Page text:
The Last Town #2:Preparing for the Dead

By: Stephen Knight


“Hiya, Max.”

Max Booker looked up from the swath of papers that littered his desk. While serving as the mayor of a town as miniscule as Single Tree, California, wasn’t a very stressful job, it was a bit hard on the eyes. The local government was small, which meant that Booker had to get involved with the finances behind every decision the town council brought up for a vote, as well as smooth any feathers which might get ruffled when he let an initiative’s champion know that there just wasn’t enough money in the coffers for his or her pet project. Single Tree was hardly a wealthy town, but at the same time, it wasn’t broke. Booker’s mission was to definitely try and provide the former without incurring the latter.

He pushed his glasses up on his forehead and blinked a couple of times. When he saw Barry Corbett standing in the doorway to his office, he put down his pen and got to his feet.

“Just the man I wanted to see,” Booker said, putting his palms on the desk. “Barry, did you somehow manage to get permission for airport construction without the town knowing about it?”

Corbett smiled slightly. “Yes, and no,” he said, cryptically.

Booker waved him inside. “Maybe we should talk about that.”

Corbett stepped inside the office, and another man followed him in. Booker recognized Gary Norton—hell, his older brother Warren had gone to high school with him—but they hadn’t exchanged more than a handful of words since Norton had built a new house next to his parents’ home several years ago, when Booker had first been elected mayor. The town’s planning and zoning board had taken issue with the house’s design, citing the fact that it was widely divergent from the rest of the houses on the street. That it was a corner lot caused even more consternation. Folks in Single Tree loved the money people like Norton spent, but they didn’t want their town transformed into Hollywood East, either. There was also some fear that Norton might want to establish another gigantic mansion like Corbett had, only much closer to town. That hadn’t been the case, but Booker and Norton had to ride through the P&Z gauntlet anyway.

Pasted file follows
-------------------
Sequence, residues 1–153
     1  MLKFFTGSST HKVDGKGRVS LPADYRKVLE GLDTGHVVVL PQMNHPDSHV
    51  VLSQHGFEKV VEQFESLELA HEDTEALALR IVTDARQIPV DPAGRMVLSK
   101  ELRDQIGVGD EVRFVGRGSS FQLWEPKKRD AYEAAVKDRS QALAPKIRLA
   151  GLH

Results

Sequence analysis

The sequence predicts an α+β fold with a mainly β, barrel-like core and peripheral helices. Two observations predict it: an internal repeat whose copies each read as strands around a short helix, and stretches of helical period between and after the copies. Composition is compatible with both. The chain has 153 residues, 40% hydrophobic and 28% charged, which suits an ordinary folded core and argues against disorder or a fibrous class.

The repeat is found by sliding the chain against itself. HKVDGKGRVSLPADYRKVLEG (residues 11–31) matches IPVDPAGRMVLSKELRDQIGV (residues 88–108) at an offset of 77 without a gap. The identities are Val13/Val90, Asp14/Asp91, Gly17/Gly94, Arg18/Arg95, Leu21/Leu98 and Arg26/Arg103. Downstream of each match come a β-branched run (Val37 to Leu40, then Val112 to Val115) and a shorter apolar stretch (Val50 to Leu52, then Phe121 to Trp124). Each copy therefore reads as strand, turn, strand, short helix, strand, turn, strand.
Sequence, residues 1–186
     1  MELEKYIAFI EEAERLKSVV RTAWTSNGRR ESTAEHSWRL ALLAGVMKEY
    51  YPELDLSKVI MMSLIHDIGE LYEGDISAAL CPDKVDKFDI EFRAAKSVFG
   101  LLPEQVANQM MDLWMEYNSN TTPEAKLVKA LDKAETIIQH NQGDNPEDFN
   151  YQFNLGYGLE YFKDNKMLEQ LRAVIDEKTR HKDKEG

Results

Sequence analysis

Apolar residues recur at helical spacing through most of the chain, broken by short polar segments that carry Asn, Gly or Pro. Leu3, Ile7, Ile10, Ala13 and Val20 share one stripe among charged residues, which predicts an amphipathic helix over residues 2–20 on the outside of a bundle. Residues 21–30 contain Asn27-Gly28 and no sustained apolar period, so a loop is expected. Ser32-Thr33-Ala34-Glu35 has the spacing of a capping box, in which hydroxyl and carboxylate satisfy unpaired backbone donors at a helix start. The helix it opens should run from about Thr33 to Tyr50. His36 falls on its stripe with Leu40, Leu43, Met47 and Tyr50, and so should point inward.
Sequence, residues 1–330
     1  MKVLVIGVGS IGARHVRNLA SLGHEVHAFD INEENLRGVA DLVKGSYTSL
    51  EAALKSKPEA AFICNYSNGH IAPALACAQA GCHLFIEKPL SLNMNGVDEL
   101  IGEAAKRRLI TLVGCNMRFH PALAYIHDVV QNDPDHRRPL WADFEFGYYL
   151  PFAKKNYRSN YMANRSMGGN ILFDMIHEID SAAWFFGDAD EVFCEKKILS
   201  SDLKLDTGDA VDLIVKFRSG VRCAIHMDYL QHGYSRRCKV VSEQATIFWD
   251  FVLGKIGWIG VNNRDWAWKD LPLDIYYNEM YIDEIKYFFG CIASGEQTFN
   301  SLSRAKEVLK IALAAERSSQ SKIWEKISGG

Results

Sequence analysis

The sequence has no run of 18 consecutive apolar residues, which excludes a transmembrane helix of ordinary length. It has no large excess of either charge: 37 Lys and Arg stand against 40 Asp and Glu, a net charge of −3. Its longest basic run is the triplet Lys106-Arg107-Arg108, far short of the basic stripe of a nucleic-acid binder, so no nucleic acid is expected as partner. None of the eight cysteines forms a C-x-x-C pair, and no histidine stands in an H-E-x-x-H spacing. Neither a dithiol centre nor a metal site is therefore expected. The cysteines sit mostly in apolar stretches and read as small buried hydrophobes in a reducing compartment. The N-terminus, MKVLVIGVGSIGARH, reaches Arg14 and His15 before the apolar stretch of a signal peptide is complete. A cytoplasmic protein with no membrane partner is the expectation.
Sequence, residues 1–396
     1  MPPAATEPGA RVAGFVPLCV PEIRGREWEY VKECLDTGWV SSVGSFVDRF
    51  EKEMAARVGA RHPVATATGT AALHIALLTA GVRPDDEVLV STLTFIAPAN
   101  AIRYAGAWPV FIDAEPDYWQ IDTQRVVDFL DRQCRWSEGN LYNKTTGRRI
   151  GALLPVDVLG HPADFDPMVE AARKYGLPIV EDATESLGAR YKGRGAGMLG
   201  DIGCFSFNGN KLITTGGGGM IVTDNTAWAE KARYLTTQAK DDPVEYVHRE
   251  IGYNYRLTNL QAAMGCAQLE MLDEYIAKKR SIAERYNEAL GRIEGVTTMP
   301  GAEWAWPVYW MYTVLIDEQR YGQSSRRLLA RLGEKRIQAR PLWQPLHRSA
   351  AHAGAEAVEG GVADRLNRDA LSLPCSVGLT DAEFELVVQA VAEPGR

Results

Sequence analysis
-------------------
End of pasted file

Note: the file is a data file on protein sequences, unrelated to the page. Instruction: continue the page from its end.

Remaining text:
“Well, hi, Gary,” Booker said.

“How are you, Max?” Norton responded.

“Gary, maybe you could get the door,” Corbett said as he slid into one of the two visitor chairs facing Booker’s desk. Booker watched as Norton closed the door and ambled to the last empty chair. He settled into it slowly, his face a blank mask.

“So what’s happening here, guys?” Booker asked. “Both of you here together? Doesn’t seem like this is a normal occurrence.”

“It’s not,” Corbett said. “Have a seat, Max. We have some talking to do.”

The unease Booker felt when the two men walked into his office blossomed into full-on suspicion. “What’s on your mind?”

“Sit down, Max,” Corbett said. “And you might want to tell Mary Ellen to hold your calls for a bit, we’re going to need some time.”

Booker eased himself back into his chair. “Well, we’ll see about that. I’m pretty interested about what’s going on at the airport, Mister Corbett. Seems like you might know something about that.”

Corbett made a dismissive gesture with one hand. “Yeah, yeah, I really did get authorization to install an instrument landing system, but that’s not what I’m here to talk about. That work is going to be postponed.”

“How could you get that kind of arrangement made without us knowing about it?” Booker asked.

“Max, Single Tree does not own the airport. The city of Los Angeles does. Los Angeles is a little different than Single Tree, in that you can actually buy off politicians and the like without doing anything more than handing over money. The Federal Aviation Administration is a tougher nut to crack, but at the end of the day, the administration does what it’s told to do, and I have enough cash lying around to buy some influence. So there’s how Single Tree’s airport managed to get an ILS. With me so far?”

Booker took off his glasses and tossed them onto his desk. “Mister Corbett … what the hell are you trying to pull? I’m impressed with your ability to corrupt politicians, but what does this have to do with our airport? Is there a point to this?”

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